Small scale farmers can thresh three bags of sorghum per hour with the new Jomo Kenyatta University cereal thresher with a petrol engine.
“Some farmers in western Kenya are facing challenges in threshing sorghum for sale to the East African Breweries which has contracted more than 50,000 farmers to supply them with the produce,” said Simon Kariuki, an engineer at JKUAT who invented the machine two years ago.
The machine costs Sh160,000 and will help farmers reduce the threshing time of sorghum and other cereal grains such as maize and wheat fourfold.
While large scale farmers use combined harvesters to reap, thresh, winnow and pack wheat into sacks at the farm, smallholders use rods to strike the grains before drying and storing.
The small-holders also require more labour than the large-scale holders since they have to manually thresh the sorghum heads with the rods, winnow, dry and package the produce for marketing or storage.
Farmers threshing sorghum with the machine. FarmBiz Africa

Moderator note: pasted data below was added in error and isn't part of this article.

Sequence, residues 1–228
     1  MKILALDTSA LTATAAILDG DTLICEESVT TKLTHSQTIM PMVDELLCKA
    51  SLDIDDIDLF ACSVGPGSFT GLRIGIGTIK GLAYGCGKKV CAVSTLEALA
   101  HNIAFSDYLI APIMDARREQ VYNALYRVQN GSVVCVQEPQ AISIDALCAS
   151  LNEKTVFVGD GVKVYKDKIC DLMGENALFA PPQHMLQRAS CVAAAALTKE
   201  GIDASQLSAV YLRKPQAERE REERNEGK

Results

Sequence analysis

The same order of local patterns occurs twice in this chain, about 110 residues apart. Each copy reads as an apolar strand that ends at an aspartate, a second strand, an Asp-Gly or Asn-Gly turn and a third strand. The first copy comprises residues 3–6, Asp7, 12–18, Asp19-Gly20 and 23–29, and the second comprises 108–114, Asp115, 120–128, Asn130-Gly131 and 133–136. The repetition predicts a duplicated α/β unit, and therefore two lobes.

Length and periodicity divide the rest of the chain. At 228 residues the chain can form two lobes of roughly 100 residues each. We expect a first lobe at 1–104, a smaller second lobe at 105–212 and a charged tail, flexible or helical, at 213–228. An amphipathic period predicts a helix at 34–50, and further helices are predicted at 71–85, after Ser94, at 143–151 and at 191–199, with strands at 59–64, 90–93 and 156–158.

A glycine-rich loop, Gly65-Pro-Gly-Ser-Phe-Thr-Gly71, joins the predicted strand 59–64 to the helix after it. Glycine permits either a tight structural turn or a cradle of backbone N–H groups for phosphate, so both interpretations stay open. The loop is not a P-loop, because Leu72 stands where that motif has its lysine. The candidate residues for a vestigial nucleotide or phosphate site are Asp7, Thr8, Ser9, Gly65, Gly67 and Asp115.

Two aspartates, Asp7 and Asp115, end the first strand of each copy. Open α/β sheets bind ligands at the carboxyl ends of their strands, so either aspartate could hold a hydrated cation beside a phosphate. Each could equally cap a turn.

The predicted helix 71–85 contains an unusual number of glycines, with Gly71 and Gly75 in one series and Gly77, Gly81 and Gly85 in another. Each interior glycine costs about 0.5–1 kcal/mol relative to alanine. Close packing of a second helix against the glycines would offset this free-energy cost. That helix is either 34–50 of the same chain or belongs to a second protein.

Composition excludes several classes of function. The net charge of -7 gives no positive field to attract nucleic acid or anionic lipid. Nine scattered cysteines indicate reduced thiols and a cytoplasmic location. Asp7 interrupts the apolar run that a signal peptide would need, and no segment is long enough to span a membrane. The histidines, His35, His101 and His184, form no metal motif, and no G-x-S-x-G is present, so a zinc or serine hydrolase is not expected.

To use the machine ignite it then put the heads of the sorghum into the hood. Whipping will then start and only clear grains will be collected through a sieve to be collected at the far end.
Sorghum stalk leftovers will be ejected through an outlet and discarded as thrash.
“This machine guarantees 75 per cent grain removal from sorghum heads and ensures that farmers produce grains free from soil or stones or any other unwanted materials,” said Kariuki.
The only maintenance required is the oiling of the moving parts to reduce rusting and friction.
Over the last decade, the sorghum value chain has become vibrant, in direct response to the guaranteed market EABL presents to farmers. The company has continuously reached out to farmers, encouraging them to grow quality sorghum for commercial consumption.
According to the 2018 Economic Survey Report, Kenya produced 144,000 metric tonnes of sorghum in 2017 and imported 133,000 metric tonnes to curb the deficit.
Interested farmers can reach Kariuki on +254 726 860 820.